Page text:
This is a post I’ve been meaning to write for a long time, but I’ve put it off because it is about one of the most difficult topics: telling your spouse you are transgendered.
I waited until about 6 months into my transition to tell my wife. Partly this was because I wanted to be really, really sure this is the path I wanted to take before making the ask of her. Partly it was because of timing, and trying to find the right time and place to share something this big.
I’ve written this from the perspective that I know; as someone who was closeted, and for whom this was the first real conversation about their gender outside of therapy. Each person’s story is different, but hopefully this will present some helpful ideas no matter what your background.
The hard truth is that a lot (most?) of these conversations lead to a divorce. Though we’ve all read about the best case scenario where a wife is unconditionally supportive, or even excited about the possibility of being in a lesbian relationship, this is not a likely outcome. For many women, being married to another woman is a deal-breaker, and something they just can’t or aren’t willing to do. Even if divorce isn’t the immediate outcome, you may be starting a process that inevitability results in the end of your marriage.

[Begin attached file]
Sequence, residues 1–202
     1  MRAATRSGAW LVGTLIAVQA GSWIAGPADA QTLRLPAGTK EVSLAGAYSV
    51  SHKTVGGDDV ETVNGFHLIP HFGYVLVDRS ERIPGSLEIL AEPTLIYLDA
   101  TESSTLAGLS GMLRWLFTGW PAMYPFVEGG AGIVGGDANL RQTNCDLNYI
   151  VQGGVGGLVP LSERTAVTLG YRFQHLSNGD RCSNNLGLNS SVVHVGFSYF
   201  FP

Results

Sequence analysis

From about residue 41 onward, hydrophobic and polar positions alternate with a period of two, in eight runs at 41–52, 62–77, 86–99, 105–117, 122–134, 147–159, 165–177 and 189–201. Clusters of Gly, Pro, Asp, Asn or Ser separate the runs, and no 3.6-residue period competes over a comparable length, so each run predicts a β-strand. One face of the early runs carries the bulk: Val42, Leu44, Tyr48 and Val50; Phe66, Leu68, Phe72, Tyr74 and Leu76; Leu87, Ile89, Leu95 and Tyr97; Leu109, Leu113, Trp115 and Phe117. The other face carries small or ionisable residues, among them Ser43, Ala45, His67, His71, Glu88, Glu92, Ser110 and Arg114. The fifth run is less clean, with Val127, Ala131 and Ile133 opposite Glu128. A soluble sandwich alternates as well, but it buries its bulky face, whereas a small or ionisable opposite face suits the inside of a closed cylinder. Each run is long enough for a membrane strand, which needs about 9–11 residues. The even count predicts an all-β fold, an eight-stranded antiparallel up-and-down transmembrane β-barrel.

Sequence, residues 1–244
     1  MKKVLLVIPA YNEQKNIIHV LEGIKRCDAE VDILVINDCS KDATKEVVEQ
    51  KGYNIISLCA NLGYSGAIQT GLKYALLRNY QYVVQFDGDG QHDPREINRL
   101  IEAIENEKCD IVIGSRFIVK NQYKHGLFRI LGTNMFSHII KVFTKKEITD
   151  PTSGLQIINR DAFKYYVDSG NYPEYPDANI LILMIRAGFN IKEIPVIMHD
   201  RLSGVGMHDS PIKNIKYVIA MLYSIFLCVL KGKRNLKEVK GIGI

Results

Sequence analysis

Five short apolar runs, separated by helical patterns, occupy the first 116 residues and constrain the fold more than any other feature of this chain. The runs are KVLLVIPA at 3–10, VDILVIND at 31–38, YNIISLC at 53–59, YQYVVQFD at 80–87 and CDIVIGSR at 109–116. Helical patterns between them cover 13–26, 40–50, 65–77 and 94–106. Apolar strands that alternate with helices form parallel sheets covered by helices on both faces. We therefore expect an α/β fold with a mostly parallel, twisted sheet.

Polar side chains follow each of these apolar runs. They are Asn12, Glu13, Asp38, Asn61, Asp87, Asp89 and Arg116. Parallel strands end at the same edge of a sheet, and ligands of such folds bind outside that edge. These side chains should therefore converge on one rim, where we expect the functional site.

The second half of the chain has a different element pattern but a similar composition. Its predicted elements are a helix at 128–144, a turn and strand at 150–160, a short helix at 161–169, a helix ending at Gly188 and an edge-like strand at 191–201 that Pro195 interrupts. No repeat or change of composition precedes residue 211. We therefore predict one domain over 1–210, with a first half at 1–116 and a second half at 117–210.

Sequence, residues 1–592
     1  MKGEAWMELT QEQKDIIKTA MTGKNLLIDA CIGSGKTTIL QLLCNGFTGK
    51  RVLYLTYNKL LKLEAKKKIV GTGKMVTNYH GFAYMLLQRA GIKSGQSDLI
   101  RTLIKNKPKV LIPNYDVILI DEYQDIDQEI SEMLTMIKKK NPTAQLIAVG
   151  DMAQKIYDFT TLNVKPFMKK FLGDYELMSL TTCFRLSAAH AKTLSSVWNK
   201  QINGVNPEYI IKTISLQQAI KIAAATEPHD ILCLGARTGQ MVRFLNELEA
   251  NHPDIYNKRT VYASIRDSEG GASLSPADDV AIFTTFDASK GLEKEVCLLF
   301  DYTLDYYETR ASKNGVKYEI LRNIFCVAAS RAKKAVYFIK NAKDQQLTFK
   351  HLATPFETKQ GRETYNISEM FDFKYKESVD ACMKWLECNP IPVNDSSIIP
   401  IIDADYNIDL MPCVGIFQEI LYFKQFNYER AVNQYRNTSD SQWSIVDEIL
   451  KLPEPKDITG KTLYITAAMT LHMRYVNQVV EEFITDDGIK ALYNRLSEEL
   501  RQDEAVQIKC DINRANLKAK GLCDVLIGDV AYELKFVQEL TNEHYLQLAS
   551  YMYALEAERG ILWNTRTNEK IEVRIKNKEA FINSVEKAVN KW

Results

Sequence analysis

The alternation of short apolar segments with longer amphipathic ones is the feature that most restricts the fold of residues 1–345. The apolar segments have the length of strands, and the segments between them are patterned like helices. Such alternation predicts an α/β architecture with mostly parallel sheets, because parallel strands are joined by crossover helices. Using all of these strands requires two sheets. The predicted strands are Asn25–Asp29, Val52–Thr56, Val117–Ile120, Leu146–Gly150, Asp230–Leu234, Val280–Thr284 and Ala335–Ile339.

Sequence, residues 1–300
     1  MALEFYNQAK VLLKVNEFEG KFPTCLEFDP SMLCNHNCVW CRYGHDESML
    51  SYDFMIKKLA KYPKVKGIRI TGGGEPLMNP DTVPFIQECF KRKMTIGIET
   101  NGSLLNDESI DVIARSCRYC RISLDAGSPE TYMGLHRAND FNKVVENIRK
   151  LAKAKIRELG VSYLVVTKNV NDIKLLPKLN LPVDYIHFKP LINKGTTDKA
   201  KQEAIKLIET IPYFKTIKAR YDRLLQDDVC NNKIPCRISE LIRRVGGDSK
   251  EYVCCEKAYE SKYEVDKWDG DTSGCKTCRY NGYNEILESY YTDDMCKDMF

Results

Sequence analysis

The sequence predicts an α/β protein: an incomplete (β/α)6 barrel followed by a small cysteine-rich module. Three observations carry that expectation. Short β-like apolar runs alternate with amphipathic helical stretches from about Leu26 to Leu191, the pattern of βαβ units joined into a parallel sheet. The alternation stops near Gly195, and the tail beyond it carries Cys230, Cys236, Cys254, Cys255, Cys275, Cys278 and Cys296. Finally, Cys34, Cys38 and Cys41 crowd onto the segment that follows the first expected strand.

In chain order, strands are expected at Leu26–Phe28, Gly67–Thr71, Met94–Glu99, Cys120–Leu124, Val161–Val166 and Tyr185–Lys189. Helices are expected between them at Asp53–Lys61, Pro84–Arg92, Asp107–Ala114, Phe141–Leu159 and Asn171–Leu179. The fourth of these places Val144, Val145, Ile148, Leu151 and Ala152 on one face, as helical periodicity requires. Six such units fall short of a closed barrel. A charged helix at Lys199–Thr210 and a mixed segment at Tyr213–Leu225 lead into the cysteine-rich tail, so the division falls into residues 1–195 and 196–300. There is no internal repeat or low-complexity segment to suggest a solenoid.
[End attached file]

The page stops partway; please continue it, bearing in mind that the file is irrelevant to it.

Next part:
No matter the ultimate outcome, ‘the conversation’ will inevitably lead to changes in your relationship and a lot of big feelings. Even the most progressive woman will probably have a hard time being her best self when learning that her spouse is trans, nonbinary or otherwise different.
As we all know, there is a lot of bad information and stereotypes about what it means to be trans. And unfortunately, you’ll be battling against these stereotypes (especially with older women or in less progressive places of the country). It can be a really frustrating; the person you are trying to become isn’t necessarily what your spouse imagines, or is afraid of.
Though you can’t predict how your spouse will react, you definitely can do some specific things to make the conversation go as well as possible.
Lay the relationship groundwork
Sharing something difficult with your spouse is always easier if you have a solid foundation of communication, trust, love, and compassion. This is especially true when you’re talking about existential issues like gender and sexuality. If you have underlying issues in your marriage that are unresolved, this conversation can act as the trigger to bring those up as well; rather than honestly sharing, you’ll find yourself trapped digging up old hurts.